March 3, 2015
To: Schools/Programs for Deaf and Hard of Hearing Students
From: Rue Winiarczyk
Re: 2014-2015 Annual Survey of Deaf and Hard of Hearing Children & Youth
I am writing to update you on the current status of Gallaudet University's Annual Survey of Deaf and Hard of Hearing Children & Youth (hereinafter Annual Survey). Since 1968, the Office of Research Support and International Affairs (RSIA—formerly the Gallaudet Research Institute) collected educationally relevant information on deaf and hard of hearing students in programs across the United States through its Annual Survey. The survey provides the necessary demographic information to help ensure that schools, service agencies, government agencies, non-governmental organizations, and researchers are able to more effectively and efficiently direct their efforts to the education and service of deaf and hard of hearing children and youth throughout the nation.
Much of the success of the Annual Survey can be attributed to the commitment and strong support of the project by Gallaudet University and by educators like yourself. However, due to changing trends, new school regulations and rules, and limited resources, the Annual Survey has been put on hold for the time being while it undergoes internal review.
RSIA hopes that it can count on your continued involvement in our study on deaf and hard of hearing population in the future. Again, thank you for your support. If there are any questions or concerns about the Annual Survey, please feel free to contact me at email@example.com.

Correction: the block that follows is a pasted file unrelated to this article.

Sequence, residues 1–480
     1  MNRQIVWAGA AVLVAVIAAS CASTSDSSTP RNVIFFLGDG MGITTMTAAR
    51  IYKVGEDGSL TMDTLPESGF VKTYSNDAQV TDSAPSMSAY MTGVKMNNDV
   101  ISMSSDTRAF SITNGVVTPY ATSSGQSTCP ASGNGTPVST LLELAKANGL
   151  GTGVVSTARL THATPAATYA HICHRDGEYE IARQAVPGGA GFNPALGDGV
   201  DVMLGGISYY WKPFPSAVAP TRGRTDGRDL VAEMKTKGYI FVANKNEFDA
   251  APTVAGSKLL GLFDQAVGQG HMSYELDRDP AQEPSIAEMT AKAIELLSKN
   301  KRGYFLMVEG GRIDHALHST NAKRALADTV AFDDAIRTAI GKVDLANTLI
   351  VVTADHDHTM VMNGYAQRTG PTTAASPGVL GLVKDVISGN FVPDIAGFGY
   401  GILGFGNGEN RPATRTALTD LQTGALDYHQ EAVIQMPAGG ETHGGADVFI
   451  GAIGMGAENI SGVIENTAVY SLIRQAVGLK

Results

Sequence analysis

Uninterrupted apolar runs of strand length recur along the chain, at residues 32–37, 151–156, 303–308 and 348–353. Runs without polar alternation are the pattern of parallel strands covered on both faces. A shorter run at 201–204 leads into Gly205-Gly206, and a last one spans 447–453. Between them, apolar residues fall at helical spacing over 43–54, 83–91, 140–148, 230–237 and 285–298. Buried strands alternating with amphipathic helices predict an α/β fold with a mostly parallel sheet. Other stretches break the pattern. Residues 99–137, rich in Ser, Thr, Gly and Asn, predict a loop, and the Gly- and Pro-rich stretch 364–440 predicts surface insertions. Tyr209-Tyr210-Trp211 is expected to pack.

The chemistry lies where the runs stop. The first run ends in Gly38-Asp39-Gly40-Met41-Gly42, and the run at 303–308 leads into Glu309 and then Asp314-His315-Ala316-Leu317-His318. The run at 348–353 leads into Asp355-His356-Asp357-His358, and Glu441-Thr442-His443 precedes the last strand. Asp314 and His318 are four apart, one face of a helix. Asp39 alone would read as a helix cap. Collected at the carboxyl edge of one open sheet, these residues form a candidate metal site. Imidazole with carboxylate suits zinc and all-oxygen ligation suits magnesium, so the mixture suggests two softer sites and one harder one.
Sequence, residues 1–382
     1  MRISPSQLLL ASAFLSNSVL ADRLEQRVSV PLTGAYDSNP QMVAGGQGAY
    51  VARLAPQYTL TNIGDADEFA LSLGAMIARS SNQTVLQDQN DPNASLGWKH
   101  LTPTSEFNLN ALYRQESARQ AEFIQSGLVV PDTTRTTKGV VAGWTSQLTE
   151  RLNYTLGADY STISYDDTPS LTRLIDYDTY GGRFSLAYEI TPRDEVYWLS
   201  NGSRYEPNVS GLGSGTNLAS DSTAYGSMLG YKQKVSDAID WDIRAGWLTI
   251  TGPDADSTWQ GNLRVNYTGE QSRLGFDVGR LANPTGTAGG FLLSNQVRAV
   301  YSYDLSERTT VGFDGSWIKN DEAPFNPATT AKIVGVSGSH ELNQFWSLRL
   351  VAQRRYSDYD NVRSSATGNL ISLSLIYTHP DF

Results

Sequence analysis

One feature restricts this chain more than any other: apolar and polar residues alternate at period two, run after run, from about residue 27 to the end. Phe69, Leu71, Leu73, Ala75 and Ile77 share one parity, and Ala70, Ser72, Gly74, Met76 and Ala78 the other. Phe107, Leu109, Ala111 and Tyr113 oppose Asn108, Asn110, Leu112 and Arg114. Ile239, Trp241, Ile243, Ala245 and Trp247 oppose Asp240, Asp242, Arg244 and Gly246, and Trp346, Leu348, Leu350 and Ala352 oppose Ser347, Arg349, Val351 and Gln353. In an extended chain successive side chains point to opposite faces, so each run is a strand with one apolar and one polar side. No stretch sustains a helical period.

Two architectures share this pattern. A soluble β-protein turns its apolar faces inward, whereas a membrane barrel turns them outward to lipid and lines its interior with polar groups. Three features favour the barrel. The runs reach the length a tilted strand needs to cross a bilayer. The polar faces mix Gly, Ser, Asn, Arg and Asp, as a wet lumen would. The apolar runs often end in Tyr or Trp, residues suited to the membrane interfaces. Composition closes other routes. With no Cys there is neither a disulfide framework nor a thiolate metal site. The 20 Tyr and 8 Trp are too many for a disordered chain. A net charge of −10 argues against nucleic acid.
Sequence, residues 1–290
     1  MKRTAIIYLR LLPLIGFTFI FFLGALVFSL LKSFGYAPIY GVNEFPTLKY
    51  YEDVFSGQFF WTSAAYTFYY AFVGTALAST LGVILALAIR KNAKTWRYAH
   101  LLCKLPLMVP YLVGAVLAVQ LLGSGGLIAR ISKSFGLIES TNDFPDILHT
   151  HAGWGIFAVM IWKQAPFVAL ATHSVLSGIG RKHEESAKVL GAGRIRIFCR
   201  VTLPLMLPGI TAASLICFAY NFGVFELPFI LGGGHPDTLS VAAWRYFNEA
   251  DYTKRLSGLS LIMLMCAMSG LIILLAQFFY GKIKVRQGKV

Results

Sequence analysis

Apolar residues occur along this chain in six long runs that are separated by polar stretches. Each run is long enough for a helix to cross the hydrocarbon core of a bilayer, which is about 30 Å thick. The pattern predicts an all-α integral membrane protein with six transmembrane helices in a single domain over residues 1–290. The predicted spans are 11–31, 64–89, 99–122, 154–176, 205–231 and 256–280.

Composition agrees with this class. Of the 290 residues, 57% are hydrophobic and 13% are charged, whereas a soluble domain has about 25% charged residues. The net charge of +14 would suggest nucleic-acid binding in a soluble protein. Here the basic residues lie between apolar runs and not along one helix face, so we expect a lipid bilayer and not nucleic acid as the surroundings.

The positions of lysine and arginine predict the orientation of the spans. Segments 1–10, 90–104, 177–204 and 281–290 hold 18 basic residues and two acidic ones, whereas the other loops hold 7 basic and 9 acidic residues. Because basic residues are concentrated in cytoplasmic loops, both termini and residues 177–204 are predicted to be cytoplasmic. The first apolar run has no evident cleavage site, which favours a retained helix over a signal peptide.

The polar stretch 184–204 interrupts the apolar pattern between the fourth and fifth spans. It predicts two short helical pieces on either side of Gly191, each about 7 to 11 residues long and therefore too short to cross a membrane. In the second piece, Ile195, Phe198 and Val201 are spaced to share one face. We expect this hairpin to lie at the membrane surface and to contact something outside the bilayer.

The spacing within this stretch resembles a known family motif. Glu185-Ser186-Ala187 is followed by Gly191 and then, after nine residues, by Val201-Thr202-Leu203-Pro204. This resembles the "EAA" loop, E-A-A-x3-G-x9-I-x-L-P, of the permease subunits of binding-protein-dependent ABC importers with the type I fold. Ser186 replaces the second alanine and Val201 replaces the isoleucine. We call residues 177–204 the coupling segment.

Gallaudet University has been collecting demographic, audiological, and other educationally relevant information on deaf and hard of hearing children and youth since 1968 through its Annual Survey of Deaf and Hard of Hearing Children & Youth.
The resulting information is used by a wide variety of individuals and organizations: state and federal education and budgetary officials, education staff within schools, and other researchers. Due to our strict adherence to confidentiality, data are reported only in summary, cumulative reports; no individual student or individual school data from the survey are ever released by the RSIA. The Annual Survey has also provided a sampling framework for several national achievement testing projects using the Stanford Achievement Test in 1974, 1983, 1990, 1996, and 2003. The norms from these testing programs are used extensively by schools and programs educating deaf students.
|Year||Regional and National||State|
** = Cumulative summaries for 2011-2012 and 2013-2014 Annual Survey is available upon request at firstname.lastname@example.org (due to a smaller survey sample size)
Elementary, secondary students
- Chasing the mythical ten percent: Parental hearing status of deaf and hard of hearing students in the United States (PDF)
National Population Estimates
- Current Estimates (2004): How many deaf people are there in the U.S.?
- ASL Use and Recognition: How many people use ASL? (PDF)
You will need Adobe Reader to view these PDF documents. Adobe Acrobat reader is free software that can be downloaded from the Adobe Reader website.